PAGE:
ANATOMY & PHYSIOLOGY CLASS: WRITING LAB REPORTS
The following is an explanation of the format that is to be used for writing lab reports. There will be lab activities for each Chapter in the textbook.
1. Lab Report grades are given the same value as a test grade. It is very important that they be done correctly and thoroughly.
2. All lab reports should be typed using Times New Roman and only 12 font. (no exceptions)
3. In the upper left hand corner include your name, high school, and A & P class period. (0, Block, or 4th period)
4. After your personal information you are to put a GOOD FAITH STATEMENT THAT YOU HAVE NOT COPIED THE LAB REPORT FROM ANYONE ELSE. THIS STATEMENT MUST BE PRESENT AT THE BEGINNING OF YOUR LAB REPORT. EVERYONE WILL TURN IN A LAB REPORT. YOUR REPORT MUST BE WRITTEN IN YOUR OWN WORDS AND MUST NOT BE IDENTICAL TO ANYONE ELSE’S. (Your grade will be 0 if this happens.)
5. The lab activities for each chapter must in typed in one body and emailed using one attachment.
6. Using your hgs email addy email your report to email@example.com . Please send ONE email. Remember to always list the subject of the lab in the correct area of the email.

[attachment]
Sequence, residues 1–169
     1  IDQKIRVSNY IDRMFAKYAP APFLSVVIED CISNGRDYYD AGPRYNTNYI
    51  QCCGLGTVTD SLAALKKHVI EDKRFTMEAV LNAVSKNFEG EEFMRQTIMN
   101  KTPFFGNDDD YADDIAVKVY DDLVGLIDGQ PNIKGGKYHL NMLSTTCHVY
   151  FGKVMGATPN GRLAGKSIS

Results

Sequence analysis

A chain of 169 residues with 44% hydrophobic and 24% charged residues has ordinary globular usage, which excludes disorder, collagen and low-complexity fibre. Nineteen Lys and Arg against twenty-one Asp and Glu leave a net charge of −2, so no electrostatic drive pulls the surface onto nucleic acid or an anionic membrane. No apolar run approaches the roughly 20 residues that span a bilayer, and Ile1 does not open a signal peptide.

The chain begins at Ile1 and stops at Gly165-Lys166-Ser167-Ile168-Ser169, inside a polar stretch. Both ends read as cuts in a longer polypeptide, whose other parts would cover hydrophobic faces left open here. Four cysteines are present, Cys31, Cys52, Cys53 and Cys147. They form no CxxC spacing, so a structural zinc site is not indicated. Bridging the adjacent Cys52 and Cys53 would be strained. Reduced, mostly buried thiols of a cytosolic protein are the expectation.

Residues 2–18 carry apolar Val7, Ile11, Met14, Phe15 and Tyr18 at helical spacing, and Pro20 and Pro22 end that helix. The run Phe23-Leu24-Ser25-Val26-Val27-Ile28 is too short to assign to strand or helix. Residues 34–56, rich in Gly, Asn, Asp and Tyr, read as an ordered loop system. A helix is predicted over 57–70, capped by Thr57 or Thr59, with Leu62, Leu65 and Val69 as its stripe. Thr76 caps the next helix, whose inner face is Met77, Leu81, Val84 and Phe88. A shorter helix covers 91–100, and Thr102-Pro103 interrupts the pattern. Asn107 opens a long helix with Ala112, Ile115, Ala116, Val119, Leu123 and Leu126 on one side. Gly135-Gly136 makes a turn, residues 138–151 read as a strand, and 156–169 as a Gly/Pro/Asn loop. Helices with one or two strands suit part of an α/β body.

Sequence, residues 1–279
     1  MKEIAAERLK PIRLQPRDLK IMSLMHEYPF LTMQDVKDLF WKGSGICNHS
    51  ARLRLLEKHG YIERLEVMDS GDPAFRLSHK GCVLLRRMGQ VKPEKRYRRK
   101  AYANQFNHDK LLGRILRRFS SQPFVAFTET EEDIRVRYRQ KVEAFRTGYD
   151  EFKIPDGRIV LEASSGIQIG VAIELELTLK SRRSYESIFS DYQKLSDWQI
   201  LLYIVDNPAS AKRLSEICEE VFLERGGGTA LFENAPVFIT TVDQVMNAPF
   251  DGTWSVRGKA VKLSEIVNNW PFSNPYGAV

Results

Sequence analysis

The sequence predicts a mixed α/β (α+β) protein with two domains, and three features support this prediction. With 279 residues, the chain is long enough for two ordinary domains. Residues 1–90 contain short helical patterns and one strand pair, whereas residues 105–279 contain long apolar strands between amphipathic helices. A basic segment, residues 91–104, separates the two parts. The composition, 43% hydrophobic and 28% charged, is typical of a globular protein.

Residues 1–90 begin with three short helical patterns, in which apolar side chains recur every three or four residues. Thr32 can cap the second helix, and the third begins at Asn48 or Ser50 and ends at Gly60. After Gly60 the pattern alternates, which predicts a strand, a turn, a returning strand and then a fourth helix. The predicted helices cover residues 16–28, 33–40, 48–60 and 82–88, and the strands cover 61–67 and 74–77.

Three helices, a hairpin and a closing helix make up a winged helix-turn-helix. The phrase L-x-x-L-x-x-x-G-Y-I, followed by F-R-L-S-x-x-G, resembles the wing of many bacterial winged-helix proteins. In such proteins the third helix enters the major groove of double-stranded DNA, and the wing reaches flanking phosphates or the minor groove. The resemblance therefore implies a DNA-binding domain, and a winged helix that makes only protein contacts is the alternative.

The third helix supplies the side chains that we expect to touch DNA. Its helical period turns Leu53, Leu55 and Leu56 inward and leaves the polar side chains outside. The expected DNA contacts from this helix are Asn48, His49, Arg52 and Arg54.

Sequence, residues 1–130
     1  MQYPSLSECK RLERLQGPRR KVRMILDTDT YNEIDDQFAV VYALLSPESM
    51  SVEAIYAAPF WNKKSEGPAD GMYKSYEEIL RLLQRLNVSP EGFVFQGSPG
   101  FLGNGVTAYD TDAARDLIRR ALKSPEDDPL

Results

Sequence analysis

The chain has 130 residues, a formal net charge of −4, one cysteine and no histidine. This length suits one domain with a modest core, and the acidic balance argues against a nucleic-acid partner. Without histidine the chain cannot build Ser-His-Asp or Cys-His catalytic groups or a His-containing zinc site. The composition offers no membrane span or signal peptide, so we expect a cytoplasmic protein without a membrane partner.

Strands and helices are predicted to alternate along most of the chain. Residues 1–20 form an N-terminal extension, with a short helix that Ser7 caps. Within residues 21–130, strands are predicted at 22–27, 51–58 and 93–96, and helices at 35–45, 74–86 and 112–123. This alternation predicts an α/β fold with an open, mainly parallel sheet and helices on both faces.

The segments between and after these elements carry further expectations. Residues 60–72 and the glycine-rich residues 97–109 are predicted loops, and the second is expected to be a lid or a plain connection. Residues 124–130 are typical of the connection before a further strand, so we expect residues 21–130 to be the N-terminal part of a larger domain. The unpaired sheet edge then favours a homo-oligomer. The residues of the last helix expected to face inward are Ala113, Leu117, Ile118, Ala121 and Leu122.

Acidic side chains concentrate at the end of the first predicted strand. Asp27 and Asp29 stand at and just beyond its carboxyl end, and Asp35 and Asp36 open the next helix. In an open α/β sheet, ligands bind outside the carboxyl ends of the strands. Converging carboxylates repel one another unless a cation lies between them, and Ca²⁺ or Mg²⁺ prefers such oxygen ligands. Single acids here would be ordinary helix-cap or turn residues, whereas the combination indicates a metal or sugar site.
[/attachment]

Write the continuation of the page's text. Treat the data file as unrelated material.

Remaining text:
7. Only labs with actual experimentation can be done with a partner(s); list name(s).
8. ALWAYS keep a back-up copy of your lab report.
9. It is YOUR responsibility to make sure you have received a reply within a reasonable amount of time from your instructor that your lab report has been received. If you don’t receive a reply then you can assume your lab report was not received.
10. Lab grades will be deducted 10 points for each day late. After 3 days the grade will be 0.
11. Lab Reports are graded within a timely manner and you will be emailed with an explanation of your grade. Grades will be posted in PageOut.
12. Do not use Wikipedia as a resource site. Points will be deducted.
13. Always use spell check. Print a copy of your report to check the formatting.
14. Do not use pronouns like I, she, he, we, it, they, or them in your report.
15. Use CAPS/BOLD where appropriate as well as correct spacing.
16. Always use words that are scientific in your report. Example: Instead of “fizzes or bubbles”, use “a gas is given off”.
17. Do not copy/paste from a website or CD.
18. In answering lab questions you should always use the scientific terminology learned in class that pertains to the lab activities.
19. It is important that the directions for each activity (usually there are 3) in a lab report be read carefully before beginning.
20. Most of the lab reports have questions that are matching or completion. The answers to those will be posted in Pageout the day after the Lab Report is due. These will help you review for the chapter tests.
21. UNLESS otherwise specified all labs will be due 2 days before the Chapter Test is given. (ie. If the test is on Friday for Chapter 1 then the Lab for that same chapter must be emailed the previous Wednesday by midnight.)
FORMAT FOR A LABORATORY
REPORT (Go by this format in writing all lab reports for this course.)